From: Graetz, Rick, and Graetz, Susie. Crow Country: Montana’s Crow Tribe of Indians. Billings: Northern Rockies Publishing Company, 2000.
“Wake up! Get Going! You’ve waited for this all year, sleep late another time,” the camp crier’s voice blares over the mobile loud speaker, coaxing folks from their beds. It’s daybreak and soon the coffee is on, the scent of bacon frying is in the air, horses have been watered and another eventful day at Crow Fair has begun.
Uhba’asaxpiluua , the tribal name for any dance, celebration or gathering means, “where they make the noise.” And what a joyful noise it is! Youngsters running from camp to camp, people laughing and shouting greetings. Dancer’s ankle bells and jingle dresses ring out while drummers and singers set the beat. Horses make their presence known and the well amplified voice of the emcee calls one and all to the various feeds, parades, Grand Entries and contests.
In 1904, S. C. Reynolds, the local government Indian agent, devised a plan to help the Crow Indians become self-sufficient through farming. Patterned after mid-west county fairs, he envisioned a festival where cash prizes would be awarded for the best produce, handicrafts, and processed native foods. As an added incentive to make the idea more enticing, Agent Reynolds lightened the United States government’s restrictive policy towards traditional Indian ceremonies and social events.
A marketing success, Crow Fair soon encompassed active participation by the entire tribe and gradually revived more rituals. During World War I, the fairs ceased and when they resumed after World War II, the focus had changed. Agricultural aspects went by the wayside, but the social and cultural affairs held on and continued to grow.
Today, this six day event, held the third week in August just outside the Crow Agency is often called “The Tepee Capital of the World.” Approximately 1,500 tepees are set up along the banks of the Little Bighorn River interspersed between the grand cottonwood trees and the eastern bluffs. The heart of the camp is the 200-foot in diameter, open-air arbor or dance arena. Here, day and night, the pulse of the fair is felt as participants and viewers flow in and out.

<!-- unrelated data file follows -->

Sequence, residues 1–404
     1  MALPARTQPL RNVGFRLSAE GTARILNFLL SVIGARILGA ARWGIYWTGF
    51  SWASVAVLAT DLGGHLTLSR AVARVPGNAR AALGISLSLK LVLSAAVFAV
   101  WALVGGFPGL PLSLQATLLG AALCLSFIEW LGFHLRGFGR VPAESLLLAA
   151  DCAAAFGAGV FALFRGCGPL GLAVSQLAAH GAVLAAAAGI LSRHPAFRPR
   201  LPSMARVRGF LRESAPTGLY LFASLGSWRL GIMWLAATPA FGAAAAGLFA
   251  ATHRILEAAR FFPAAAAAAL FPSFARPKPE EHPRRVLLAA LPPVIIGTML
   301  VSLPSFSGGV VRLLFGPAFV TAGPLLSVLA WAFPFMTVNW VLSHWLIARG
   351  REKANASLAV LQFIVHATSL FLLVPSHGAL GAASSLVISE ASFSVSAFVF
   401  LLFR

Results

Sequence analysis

The day commences with an impressive parade of vividly outfitted people on horses, cars, trucks and floats, all dutifully decorated with multicolored blankets and intricate beadwork. There is always a large turnout as rivalry for the cash prizes is intense.
Soon after the parade, the all-Indian rodeo and horse races test athletic skills. With the inception of the fair, horse racing changed from straight line to circle, due to the whiteman’s influence; hence, Chichia’xxaawasuua, ("running in a circle") the tribal name for Crow Fair. In the arbor, dance contests, which are divided into gender, age and style categories, persevere throughout the hot afternoon.
“Dancers, one hour until Grand Entry! Be sure to be ready,” warns the announcer. All participants begin the ritual of preparing for the competitions.
An honor guard of flag bearers (usually military veterans... who are considered warriors in this modern age) leads the way, then the men’s Traditional, Fancy and last the Grass dancers file into and circle the arena. Women’s Traditional, Fancy and then Jingle Dress follow. As the vibrantly colorful line spirals inward, the dance floor begins to resemble a vibrant human mosaic.
Several competing drum groups positioned around the periphery of the dance floor, perform in turn for the different dances and are judged on their talent throughout the session. Dances are either inter-tribal (participation by all and not judged), exhibition (not judged), or contest (judged). From a spectator’s point of view, the judged events are the most interesting and spectacular. Here the contestants do their utmost to out perform each other with incredible footwork, body movement and attitude. The drum groups have “trick songs” they can end at any moment. It is very important for dancers to stop right on time with the drum beat, any misstep results in a lowering of their points.